LIMA – Colombian governments have been fighting the Revolutionary Armed Forces of Colombia (FARC) for the past 52 years, with no victory in sight. In early October, a razor-thin majority of voters rejected Colombian President Juan Manuel Santos’s proposed peace deal with the guerrillas.
Compare Colombia’s experience with that of Peru, which defeated its own guerrilla movement, the Shining Path, in less than a dozen years, from 1980 to 1992, with more than 85% popular support. Peru was able to achieve a lasting peace for two reasons.
First, the Peruvian government focused on creating rights for the poor people whom the guerrillas controlled, and it codified those rights in its 1991 agreements with the United States and the United Nations. By contrast, Santos, despite his good intentions, negotiated a peace plan that creates rights for the FARC.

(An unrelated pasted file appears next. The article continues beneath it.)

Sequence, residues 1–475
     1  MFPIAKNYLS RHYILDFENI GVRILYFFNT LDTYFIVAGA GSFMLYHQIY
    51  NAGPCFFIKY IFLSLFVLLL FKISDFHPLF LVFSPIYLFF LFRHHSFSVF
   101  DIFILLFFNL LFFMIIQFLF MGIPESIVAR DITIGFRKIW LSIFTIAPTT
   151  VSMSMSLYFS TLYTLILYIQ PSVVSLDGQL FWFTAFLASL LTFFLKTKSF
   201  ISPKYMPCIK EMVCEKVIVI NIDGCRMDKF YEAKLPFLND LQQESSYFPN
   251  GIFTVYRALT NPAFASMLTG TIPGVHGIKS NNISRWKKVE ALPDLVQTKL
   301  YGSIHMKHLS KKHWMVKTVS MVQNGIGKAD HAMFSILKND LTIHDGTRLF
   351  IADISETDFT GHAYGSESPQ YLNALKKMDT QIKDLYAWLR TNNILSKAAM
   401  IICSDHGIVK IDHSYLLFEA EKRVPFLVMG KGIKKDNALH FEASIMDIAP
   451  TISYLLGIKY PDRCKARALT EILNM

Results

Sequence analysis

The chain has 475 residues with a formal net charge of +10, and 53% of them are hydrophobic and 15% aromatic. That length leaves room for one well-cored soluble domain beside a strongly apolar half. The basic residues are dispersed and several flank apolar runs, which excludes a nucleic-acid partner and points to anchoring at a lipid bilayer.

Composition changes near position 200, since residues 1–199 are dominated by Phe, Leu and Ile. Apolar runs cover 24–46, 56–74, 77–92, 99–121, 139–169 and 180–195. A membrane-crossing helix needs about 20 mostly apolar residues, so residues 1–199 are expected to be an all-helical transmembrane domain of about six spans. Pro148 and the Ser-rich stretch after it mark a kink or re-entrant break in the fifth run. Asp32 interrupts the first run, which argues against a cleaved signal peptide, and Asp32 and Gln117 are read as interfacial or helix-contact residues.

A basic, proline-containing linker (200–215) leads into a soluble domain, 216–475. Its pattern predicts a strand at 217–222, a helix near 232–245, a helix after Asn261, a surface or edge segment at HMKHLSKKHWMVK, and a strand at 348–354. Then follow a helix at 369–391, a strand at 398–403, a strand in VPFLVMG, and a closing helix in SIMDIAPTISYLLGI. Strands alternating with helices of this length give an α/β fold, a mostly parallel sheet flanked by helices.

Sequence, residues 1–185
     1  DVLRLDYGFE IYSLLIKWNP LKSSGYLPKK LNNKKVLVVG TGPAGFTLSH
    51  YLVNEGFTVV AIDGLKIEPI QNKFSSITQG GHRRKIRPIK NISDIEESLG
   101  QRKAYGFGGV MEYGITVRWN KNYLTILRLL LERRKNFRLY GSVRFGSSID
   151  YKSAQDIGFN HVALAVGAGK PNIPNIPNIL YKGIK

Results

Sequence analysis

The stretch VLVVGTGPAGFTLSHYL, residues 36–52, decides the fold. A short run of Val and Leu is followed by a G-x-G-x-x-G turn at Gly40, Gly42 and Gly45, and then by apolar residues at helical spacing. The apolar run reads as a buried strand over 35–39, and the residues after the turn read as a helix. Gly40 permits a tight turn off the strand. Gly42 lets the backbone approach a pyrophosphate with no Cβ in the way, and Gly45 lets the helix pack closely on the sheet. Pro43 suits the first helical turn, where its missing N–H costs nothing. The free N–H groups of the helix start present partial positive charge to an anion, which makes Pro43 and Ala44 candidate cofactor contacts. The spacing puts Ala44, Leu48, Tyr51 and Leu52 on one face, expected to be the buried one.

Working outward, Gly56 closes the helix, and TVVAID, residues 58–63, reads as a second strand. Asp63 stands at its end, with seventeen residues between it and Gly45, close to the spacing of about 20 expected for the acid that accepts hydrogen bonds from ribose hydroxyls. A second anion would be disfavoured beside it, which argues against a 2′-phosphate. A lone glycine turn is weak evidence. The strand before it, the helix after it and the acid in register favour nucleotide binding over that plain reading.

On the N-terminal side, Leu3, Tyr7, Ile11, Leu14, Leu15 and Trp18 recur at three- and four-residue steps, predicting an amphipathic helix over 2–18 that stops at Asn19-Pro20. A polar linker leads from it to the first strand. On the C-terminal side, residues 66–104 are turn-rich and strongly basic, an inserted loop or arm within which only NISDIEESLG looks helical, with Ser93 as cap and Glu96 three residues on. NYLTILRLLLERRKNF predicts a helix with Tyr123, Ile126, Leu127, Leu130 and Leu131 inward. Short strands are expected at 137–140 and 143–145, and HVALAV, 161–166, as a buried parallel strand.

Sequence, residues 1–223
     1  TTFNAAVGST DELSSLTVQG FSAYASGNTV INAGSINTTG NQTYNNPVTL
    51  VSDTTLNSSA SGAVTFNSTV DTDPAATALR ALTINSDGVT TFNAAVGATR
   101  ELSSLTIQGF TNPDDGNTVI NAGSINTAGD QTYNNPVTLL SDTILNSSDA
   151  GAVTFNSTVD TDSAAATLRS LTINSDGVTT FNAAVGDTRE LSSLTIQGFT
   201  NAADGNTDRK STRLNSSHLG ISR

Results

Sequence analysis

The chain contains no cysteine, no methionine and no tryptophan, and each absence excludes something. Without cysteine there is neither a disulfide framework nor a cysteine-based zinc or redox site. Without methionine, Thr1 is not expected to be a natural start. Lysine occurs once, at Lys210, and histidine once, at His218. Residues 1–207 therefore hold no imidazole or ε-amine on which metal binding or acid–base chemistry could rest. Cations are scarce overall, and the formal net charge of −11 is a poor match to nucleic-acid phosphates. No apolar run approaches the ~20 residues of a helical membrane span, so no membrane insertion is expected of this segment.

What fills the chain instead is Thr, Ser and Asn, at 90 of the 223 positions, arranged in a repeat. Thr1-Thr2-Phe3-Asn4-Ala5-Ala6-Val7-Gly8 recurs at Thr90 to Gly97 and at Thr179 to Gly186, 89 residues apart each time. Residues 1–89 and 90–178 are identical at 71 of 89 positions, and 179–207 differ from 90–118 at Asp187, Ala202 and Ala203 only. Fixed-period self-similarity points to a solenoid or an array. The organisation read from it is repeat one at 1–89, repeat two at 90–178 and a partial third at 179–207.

Second, the Peruvian government won strong support from its citizens, because it never ceded its sovereign right as the country’s sole negotiator, nor did it negotiate in territory outside its borders. Santos, on the other hand, surrendered a degree of Colombian sovereignty by allowing negotiations with the FARC to be brokered by the unelected government of a foreign country with its own agenda: Cuba. Then he treated the guerrillas as equals by negotiating substantive matters with them.
These points are crucial, because it is not as though Peru’s government held a strong position against the Shining Path. In 1987, 60% of Peruvian territory was under martial law, and the Rand Corporation and the US Department of Defense predicted that the Shining Path would achieve total victory as early as 1992.
Peru developed a winning strategy when it realized not only that the Shining Path was extremely unpopular – as is the FARC in Colombia – but also that it did not actually control much territory. Rather, the Shining Path had succeeded in creating and operating out of impregnable strongholds in key areas where its members were indistinguishable from the local population, and where the local population was unwilling to report guerrillas to the authorities.